Siempre en la Calle is the exhibition I never imagined I would see in a New York City gallery — and one that every New Yorker must see. The two-person show of paintings and drawings by Danielle De Jesus and Shellyne Rodriguez brings to life the diverse identities of residents living in poor, working-class communities that are currently among the New York neighborhoods most threatened by gentrification: Bushwick in Brooklyn and Hunts Point and Soundview in the Bronx. This is the first time in the more than 30 years I have lived in this city that I have seen an exhibition of two Nuyorican, Afro Boricua womxn representing their communities so lovingly and openly in an art gallery. Thus, I want to start by remarking on the significance of this exhibition from my personal standpoint as a Puerto Rican scholar/writer identified with the evolving Nuyorican culture. And I especially want to acknowledge that this exhibition is a rarity — and should have never been so — because, as I state in my book Latinx Art: Artists/Markets/Politics, exhibitions like this should be common and unexceptional given the current Latinx demographics in the city.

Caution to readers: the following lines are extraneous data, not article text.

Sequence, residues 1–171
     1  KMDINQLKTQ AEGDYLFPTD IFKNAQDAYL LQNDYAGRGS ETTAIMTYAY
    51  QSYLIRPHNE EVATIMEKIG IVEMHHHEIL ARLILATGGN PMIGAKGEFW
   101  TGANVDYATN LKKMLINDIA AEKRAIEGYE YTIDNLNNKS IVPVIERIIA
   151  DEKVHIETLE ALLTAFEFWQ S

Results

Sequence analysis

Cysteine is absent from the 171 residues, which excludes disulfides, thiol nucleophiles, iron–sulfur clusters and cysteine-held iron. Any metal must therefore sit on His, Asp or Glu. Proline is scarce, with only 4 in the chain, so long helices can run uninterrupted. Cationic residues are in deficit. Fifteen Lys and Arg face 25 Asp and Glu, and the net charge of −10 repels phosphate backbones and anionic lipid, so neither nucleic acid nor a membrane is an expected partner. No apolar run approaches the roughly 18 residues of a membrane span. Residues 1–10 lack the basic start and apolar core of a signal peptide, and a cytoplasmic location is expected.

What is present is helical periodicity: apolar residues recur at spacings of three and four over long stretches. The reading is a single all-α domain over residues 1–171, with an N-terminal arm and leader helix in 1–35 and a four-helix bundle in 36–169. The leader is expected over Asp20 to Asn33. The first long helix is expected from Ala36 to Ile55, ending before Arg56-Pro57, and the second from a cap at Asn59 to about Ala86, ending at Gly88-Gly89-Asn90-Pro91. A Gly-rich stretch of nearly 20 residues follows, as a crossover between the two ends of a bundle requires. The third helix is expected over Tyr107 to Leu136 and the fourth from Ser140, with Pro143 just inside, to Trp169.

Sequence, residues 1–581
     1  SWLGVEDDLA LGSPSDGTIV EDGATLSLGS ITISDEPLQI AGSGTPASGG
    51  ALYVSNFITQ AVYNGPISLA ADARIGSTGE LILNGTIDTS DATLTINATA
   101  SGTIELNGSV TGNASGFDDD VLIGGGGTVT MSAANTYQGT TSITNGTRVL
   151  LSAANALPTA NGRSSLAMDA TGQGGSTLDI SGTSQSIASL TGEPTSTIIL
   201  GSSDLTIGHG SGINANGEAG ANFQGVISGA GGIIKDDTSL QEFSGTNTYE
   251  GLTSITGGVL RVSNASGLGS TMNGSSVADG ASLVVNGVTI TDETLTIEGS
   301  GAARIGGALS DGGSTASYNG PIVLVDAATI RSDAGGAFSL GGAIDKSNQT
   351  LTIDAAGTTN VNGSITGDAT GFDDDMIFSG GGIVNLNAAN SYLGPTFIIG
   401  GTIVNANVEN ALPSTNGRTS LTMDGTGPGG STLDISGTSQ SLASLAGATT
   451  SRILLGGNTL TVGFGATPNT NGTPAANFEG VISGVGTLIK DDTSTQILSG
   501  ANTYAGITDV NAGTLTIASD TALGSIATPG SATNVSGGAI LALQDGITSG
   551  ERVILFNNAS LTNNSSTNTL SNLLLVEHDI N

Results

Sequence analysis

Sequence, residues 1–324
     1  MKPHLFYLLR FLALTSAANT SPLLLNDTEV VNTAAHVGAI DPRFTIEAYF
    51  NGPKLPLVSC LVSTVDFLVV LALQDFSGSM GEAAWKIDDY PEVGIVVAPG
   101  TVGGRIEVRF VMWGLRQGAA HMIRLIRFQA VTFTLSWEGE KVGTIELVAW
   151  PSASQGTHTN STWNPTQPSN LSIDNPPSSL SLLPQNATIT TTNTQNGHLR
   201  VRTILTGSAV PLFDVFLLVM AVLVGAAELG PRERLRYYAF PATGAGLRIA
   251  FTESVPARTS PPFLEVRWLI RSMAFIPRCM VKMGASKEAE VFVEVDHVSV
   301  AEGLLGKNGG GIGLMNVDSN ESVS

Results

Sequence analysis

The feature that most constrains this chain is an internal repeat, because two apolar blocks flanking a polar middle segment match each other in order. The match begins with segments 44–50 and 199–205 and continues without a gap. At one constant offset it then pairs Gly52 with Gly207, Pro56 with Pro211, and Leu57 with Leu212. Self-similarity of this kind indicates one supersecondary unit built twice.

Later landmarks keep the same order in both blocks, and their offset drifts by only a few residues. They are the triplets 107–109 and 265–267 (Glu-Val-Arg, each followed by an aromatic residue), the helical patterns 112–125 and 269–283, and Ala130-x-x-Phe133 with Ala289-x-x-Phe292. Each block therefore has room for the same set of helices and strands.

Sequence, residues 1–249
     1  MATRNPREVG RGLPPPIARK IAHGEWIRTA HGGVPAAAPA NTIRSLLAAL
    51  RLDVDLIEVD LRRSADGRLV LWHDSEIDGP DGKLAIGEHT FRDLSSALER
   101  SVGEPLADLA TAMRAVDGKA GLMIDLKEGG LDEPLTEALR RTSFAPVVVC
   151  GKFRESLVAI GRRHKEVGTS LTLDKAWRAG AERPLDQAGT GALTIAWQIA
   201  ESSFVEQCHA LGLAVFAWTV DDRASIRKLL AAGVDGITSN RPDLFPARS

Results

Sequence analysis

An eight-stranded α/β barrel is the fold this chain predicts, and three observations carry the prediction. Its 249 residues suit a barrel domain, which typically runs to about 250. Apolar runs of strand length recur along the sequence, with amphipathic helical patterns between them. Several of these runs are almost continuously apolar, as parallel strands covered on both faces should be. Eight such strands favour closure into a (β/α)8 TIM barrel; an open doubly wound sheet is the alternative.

When many of us think of Puerto Rican art, we often summon artists who work and live on the island, or who have come to the US to study and make art, but we rarely think of artists born and raised in Brooklyn or the Bronx. It is no wonder, then, that both Shellyne Rodriguez and Danielle De Jesus identify Martin Wong, the Chinese-American artist who made visible Nuyorican life in the Lower East Side in his paintings, as a key interlocutor for their practice — because of the huge vacuum that exists within the Nuyorican/Diasporican art tradition, a vacuum produced by a long history of institutional erasure.
The exhibition is called Siempre en la Calle because Shellyne Rodriguez and Danielle De Jesus met in the street through their common activism against gentrification and displacement, and for pro-Puerto Rican causes. This perfect title captures the artists’ intent to create a bold intervention into the dominant whitewashed visual representation of New York City through drawings and paintings that force viewers to really be in “la calle.”
The artists differ in their medium and primary subject matter. Rodriguez’s large-scale drawings focus on people, documenting their stares, dispositions, smiles, dress, and expressions. In “We Took the Kids Outside” (2021), the artist captures a quotidian moment across the city, that of women taking their children to the park, one of the few public spaces that is openly accessible to communities of color. Rodriguez carefully records their clothing and demeanors against a black background as if to focus viewers’ attention on the details of their bodies and selves. These are drawings that emphatically say: look at me, look at us — and look at us carefully. The plural “us” is important here, as Rodriguez’s works in the show seldom portray lone individuals. Even “Grace” (2021), which depicts a young Black basketball player in movement, calls attention to an invisible person, or people, informing his pose.